I’m using partclone to take disk images with this command:
partclone.ntfs -c -s /dev/$mypartition | lzop -c > /my/nfs/share/mypartition.lzo
The partition size is 34.1 GB with 33.8 GB used.
The problem is the performance drops after a while. At first the backup is being written at roughly 300 MB/minute, but the performance gradually drops to 150-200 MB/minute. The estimated time of completion increases from about 1.25 hours to about 2.5 hours.
I took an image with no compression:
partclone.ntfs -c -s /dev/$mypartition -o /my/nfs/share/mypartition
The backup speed hovers around 600 MB/minute, but the performance DOESN’T degrade after a while. It stays around 600 MB/minute more or less.
Is there anything I can do keep the performance from degrading when using compression?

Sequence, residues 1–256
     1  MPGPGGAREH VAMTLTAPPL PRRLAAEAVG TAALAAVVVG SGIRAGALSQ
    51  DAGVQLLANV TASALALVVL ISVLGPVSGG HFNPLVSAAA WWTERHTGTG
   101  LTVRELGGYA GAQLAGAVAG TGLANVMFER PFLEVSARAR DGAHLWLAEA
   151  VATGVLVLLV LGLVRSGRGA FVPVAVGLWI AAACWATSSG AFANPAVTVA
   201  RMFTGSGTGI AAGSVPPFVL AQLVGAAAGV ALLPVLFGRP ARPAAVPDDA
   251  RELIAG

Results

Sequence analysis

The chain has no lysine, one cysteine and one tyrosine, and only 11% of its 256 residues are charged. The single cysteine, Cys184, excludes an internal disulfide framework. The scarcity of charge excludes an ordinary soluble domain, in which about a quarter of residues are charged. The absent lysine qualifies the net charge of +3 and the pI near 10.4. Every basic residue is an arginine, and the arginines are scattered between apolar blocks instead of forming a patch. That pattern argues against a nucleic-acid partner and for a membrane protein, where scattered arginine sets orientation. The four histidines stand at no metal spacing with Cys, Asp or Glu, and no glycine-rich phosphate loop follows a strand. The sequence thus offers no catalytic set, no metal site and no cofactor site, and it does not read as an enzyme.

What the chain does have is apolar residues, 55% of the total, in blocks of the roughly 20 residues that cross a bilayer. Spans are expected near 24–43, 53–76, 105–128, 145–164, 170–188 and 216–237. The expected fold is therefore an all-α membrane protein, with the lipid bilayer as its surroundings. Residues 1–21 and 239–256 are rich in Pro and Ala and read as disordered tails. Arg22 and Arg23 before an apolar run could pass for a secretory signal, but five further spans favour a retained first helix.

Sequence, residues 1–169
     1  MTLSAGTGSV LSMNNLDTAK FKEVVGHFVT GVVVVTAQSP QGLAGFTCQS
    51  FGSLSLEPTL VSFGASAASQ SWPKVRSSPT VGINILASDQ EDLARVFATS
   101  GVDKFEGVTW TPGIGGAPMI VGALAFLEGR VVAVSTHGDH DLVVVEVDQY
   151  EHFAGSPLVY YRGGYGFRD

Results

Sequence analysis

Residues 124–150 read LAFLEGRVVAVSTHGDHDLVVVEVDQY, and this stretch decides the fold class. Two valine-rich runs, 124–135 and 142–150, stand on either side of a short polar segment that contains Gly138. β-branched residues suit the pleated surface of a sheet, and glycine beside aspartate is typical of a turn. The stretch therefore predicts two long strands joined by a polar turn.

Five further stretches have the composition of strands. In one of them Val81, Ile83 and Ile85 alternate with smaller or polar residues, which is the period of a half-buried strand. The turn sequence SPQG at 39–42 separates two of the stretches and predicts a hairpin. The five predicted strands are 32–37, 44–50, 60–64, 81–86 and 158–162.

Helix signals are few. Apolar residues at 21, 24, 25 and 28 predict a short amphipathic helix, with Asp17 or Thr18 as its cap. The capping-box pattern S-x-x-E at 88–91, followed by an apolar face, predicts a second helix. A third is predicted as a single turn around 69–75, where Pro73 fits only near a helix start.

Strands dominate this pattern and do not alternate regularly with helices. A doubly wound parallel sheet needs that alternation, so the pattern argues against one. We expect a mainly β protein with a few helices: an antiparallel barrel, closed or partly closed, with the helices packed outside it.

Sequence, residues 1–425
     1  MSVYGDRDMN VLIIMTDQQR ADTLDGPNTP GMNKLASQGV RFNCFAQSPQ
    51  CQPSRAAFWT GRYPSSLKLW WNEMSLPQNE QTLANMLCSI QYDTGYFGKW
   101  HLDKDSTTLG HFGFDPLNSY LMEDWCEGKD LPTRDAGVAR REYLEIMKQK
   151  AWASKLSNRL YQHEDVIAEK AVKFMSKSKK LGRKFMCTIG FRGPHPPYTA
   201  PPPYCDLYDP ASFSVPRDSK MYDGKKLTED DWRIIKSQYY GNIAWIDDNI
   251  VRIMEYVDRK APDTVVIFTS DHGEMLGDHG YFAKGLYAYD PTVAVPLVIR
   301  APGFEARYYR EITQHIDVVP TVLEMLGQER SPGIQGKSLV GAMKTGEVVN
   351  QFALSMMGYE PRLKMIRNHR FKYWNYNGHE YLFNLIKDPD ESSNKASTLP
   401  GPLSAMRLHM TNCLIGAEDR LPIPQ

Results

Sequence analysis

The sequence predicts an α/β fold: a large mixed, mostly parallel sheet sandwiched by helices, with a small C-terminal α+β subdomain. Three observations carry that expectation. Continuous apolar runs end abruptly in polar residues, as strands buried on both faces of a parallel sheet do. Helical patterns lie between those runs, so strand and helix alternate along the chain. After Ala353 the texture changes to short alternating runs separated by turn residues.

EDIT: I’ve used gzip and lzop and both suffer from degrading performance. I also tried backing up the same image on a Pentium D machine (2 cores, 3 GB of RAM), and a Xen DomU (1 processor, 512 MB of RAM). They both have the same problem.
With the old CPUs you’re using, it seems most likely that you’re CPU bound; compression eats a lot of CPU (and it can vary depending on the data being compressed) and is almost certainly the immediate cause of the issue.
If you can compress with a faster CPU somehow, perhaps by piping the data to a faster machine first, then that should help.
You can also try using a multi-core capable compression utility such as pbzip2, which should increase the rate of compression on your dual-core system, at least. It won’t do anything for you on the single-CPU VM, though. pbzip2 writes bzip2-compatible files and is already packaged for most Linux distributions.
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